*Add as much jalapeno as you like, depending on your spice preference and the spiciness of your pepper. If you want extra spice, you can also add the seeds, which are more potent than the green flesh of the pepper.

Friday, August 23, 2013

Pinchos Morunos

Last Year's Post: Gazpacho
Two Years Ago:  Pork with Thai Peanut Sauce

Color is Important
I grew up in an era where mothers regarded cooking as a necessity and their primary goal was to get food on the table that their family would eat.  Much of that food was beige.  Presentation and garnish were not concepts most moms thought about.  But times have changed, and cooking is now a conscious choice rather than a necessity since there are so many prepared foods and casual restaurants that are available.  There are many reasons to make the choice to cook - including good health, nutrition, dietary needs, or just plain fun - but as long as you made the effort to cook your food, why not make it look pretty?

Color plays a big part in making food pretty, which is why I chose multi-colored mini-peppers for this dish.  I could have used one big red pepper which would have added some color, but the multi-colored peppers are even better.

I've posted recipes in the past that were relatively colorless (Italian Sausage and Wild Mushroom Risotto ) because they are just that good, but it's a lot more impressive when they have all kinds of vibrant colors ( Seafood Cobb Salad ).  In particular, meat tends to be fairly brown so think about livening it up with a colorful sauce, relish, or accompanying vegetables.  Even a fresh parsley garnish on top of soup or rice helps to add color.  I once read about a chef who said he garnishes every meal he makes even if it's just for himself alone, because he felt it made that much difference to the overall eating experience.

Pinchos Morunos is Spanish in origin and is commonly found in tapas bars.  This particular recipe version converts it into a main dish by adding onion and peppers, but the pork by itself on small skewers would be a classic addition to a tapas party served with just a drizzle of lemon olive oil.  What makes it Spanish is the combination of spices on the pork, in particular the saffron.  I love the distinctive taste of saffron.  The pork is spiced but not very spicy in terms of heat, and it's what makes this dish special.  The spice mix colors the pork as it marinates before grilling.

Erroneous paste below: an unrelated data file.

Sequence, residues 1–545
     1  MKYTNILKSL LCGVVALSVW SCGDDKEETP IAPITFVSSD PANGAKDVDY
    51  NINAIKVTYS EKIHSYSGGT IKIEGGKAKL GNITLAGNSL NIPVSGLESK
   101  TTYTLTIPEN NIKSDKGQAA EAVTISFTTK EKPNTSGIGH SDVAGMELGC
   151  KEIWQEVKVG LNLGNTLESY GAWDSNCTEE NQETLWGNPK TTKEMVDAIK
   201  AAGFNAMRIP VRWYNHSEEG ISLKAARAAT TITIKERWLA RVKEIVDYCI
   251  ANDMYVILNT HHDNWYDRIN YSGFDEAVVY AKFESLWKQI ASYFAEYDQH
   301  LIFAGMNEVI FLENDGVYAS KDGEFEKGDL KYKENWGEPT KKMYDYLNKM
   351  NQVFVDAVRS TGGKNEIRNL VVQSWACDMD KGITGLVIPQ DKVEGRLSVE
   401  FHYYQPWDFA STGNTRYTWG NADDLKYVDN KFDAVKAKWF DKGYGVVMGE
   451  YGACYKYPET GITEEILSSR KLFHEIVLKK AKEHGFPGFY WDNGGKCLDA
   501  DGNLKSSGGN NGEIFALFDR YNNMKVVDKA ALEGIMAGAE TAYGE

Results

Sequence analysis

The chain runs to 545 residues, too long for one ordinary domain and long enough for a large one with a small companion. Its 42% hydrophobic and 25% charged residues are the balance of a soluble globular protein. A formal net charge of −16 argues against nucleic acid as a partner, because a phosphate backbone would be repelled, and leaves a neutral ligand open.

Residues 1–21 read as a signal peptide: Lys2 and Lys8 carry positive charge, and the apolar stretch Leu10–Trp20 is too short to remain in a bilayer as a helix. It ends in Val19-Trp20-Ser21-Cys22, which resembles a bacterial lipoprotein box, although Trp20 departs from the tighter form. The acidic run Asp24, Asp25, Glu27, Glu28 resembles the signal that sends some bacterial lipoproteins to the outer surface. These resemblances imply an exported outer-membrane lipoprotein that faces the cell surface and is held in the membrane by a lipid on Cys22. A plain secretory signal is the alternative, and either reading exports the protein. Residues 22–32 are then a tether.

I decided to halve the small peppers so they would fit better on the skewers plus it made them easier to seed, but I decided to leave the stems on for presentation and color.

I think I've mentioned somewhere previously that it's a good idea to separate your meats and vegetables on different skewers because they have different cook times.  If you alternate everything on each skewer your cook times become a compromise between ingredients, although for some reason that's the way skewers are most often shown.  In this case the meat was going to cook faster than the vegetables but the peppers and onions needed about the same amount of time.

One last note - although the recipe calls for marinating the meat for a few hours, it's very flexible.  I've grilled it without any marinating time at all, or you could let it marinate overnight so don't let that stop you from using this as a weeknight meal.  Served with rice or couscous, it's a fast, delicious and very healthy meal.

printable recipe
Pinchos Morunos
Serves 4

¼ cup chopped fresh parsley
1 tablespoon sweet paprika
2 tablespoons olive oil
1 teaspoon dried oregano
1 teaspoon ground cumin
1 teaspoon ground coriander
¾ teaspoon salt
¼ teaspoon saffron threads, crushed
¼ teaspoon ground red pepper
2 garlic cloves, minced
1 (1 pound) pork tenderloin, trimmed and cut into 1” cubes
1 red onion, cut into 6 wedges
8 multi-colored mini-peppers, cut in half lengthwise and seeded
8 (12”) wooden skewers
Cooking spray

Combine the first 10 ingredients in a zip top bag and toss to distribute spices.  Add the pork tenderloin cubes and toss to coat evenly.  Refrigerate for 1-2 hours.